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Readings on Russia

Soviet Women: Walking the Tightrope
By Francine Du Plessix Gray
New York: Doubleday, 1989
213 pages, $19.95

Francine Du Plessix Gray travelled throughout the Soviet Union in 1988, meeting with women of various ages and professions. She says she encountered people with a "curious blend of conservative and progressive ideas."

The most common word Gray heard during her travels was "overburdening." Nearly all women have fulltime jobs and are responsible for the majority of the domestic duties as well. They complained constantly of having no leisure time.

The flipside of "overburdening" is an unusual assertiveness among Soviet women. "Throughout all levels of Soviet society, one is constantly awed by women's keen sense of their greater patience, diligence, optimism, endurance, shrewdness and self- esteem apparently heightened by the very arduousness of their daily life," Gray writes.

The 1917 revolution led to the implementation of laws designed to protect the rights of women, such as liberal abortion and divorce laws and guarantees of equal pay for equal work. After slippage under Stalin, the laws were again liberalized.

Soviet women occupy technical and physical jobs at high rates, but they do not fill a proportional number of supervisory positions. Women comprise 90 percent of conveyor belt operators and two-thirds of highway construction crews. Over 80 percent of teachers, but only one-third of principals are women; 70 percent of engineers and skilled technical workers are women, but they constitute only 6 percent of their work's collective leadership.

Despite liberal laws, concerns about a shrinking workforce are leading Soviet officials to restrict women's reproductive freedom. Until recently, the Ministry of Health refused to disseminate any birth control information, arguing that such measures would slow the nation's birth rate. Only 18 percent of Soviet women practice any birth control at all, and only 5 percent use modern methods such as the pill or IUD. Not surprisingly, the Soviet Union has the highest abortion rate in the world; the official rate is two or three abortions for every birth, but a gynecologist who Gray interviewed estimates that the actual rate is between five and eight for every birth.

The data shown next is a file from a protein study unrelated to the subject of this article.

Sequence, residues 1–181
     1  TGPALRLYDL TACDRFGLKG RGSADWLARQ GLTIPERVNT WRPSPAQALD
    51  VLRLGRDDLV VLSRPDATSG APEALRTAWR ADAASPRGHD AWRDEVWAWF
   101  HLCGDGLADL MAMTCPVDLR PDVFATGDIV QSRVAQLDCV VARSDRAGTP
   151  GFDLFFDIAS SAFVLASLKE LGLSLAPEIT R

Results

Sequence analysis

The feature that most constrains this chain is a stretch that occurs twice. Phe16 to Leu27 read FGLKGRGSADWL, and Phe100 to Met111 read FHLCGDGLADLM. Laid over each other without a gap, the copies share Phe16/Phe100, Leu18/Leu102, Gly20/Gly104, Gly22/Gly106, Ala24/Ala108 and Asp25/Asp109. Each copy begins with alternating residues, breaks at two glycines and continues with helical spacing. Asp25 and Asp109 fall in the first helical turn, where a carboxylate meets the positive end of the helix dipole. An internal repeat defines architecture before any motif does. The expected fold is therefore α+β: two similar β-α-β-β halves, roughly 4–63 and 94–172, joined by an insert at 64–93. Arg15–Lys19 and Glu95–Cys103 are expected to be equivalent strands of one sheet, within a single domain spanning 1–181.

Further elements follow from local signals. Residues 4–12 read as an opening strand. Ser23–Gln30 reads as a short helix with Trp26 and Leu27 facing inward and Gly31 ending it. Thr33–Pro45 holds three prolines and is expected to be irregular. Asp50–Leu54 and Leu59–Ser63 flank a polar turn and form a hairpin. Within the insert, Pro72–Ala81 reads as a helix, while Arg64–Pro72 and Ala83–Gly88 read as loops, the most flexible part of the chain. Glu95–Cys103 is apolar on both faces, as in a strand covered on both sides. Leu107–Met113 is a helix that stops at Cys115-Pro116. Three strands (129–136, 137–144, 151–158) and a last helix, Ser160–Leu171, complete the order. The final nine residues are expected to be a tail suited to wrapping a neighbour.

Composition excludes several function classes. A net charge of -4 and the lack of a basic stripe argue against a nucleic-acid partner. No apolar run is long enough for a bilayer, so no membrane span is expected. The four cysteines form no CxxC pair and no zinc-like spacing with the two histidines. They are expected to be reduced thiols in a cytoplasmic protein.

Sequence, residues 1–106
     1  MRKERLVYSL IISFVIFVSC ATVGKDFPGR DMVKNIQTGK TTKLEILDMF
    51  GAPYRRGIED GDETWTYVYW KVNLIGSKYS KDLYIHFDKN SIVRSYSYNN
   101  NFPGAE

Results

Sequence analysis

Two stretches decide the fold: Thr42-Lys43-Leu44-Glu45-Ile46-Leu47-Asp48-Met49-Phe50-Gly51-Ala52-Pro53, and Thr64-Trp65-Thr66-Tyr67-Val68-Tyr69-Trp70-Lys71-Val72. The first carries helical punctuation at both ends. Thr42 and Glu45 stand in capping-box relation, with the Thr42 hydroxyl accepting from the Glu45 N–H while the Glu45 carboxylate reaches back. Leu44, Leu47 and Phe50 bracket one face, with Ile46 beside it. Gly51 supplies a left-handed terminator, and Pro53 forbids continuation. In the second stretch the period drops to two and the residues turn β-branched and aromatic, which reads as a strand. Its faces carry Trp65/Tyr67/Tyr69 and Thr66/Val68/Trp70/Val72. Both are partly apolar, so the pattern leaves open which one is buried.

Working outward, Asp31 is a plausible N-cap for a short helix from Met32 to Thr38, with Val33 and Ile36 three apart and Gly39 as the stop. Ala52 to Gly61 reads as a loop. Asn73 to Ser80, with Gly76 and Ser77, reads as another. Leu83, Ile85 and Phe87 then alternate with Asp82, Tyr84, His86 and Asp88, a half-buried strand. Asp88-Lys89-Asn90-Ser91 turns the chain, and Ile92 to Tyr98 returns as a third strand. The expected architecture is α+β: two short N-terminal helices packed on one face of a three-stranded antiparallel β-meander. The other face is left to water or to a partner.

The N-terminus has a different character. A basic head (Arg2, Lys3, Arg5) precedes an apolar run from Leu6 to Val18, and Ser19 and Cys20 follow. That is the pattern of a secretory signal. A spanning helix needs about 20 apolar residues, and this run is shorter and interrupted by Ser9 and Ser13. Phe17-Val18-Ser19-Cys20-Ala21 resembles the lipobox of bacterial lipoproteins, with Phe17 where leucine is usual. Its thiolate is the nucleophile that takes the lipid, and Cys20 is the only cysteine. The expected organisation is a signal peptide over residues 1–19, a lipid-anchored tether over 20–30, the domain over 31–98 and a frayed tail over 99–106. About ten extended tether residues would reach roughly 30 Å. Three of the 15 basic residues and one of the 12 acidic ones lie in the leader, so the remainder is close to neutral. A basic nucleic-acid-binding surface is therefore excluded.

Voices of Glasnost: Interviews with Gorbachev's Reformers
By Stephen F. Cohen and Katrina vanden Heuvel
New York: W.W. Norton & Company, 1989
339 pages, $19.95

In his introductory essay, Stephen Cohen argues that following the ouster of Nikita Krushchev in 1964, rivalries within the Soviet Communist Party led to something similar to what Westerners call "party politics." Three groupings emerged: anti- Stalinists, who wanted to relax state control; neo-Stalinists; and conservatives, who wanted to maintain the post-Stalinist status quo. Aided by a generational change in the early 1980s, the reform movement gained control with the intensification of the economic stagnation and social degeneration which dates to the late 1970s.

Perestroika was an idea whose time had come, Cohen argues, but popular expectations have surpassed what Gorbachev has been able to deliver. International successes have buttressed Gorbachev's position, but the key to his survival has been the reform "party" at home. Gorbachev will need a strong boost from below, Cohen believes, to counter his main threat: Russia's tradition of bureaucratic state power reigning over society, a tradition which dates back centuries before the 1917 revolution.

In Voices of Glasnost, Cohen and vanden Heuvel interview a group of 14 people ranging from high-ranking officials to journalists and an actor. Many of them note the roots of Gorbachev's reforms in Krushchev's efforts. Indicating that they do not believe perestroika to be irreversible, those interviewed express the belief that the Soviet Union faces social and economic stagnation if perestroika fails.

By Mikhail Gorbachev
New York: Harper & Row, 1988
296 pages, $9.95

Gorbachev addresses this book to all the people of the world, discussing the restructuring of the Soviet economy while also addressing important foreign policy issues, especially relations with the United States. Although updated in 1988, parts of the book are already dated; Gorbachev emphasizes that his reforms do not constitute an abandonment of socialism, an assertion which is becoming increasingly muffled with the design of the "500 Days" plan for a transition to a market economy.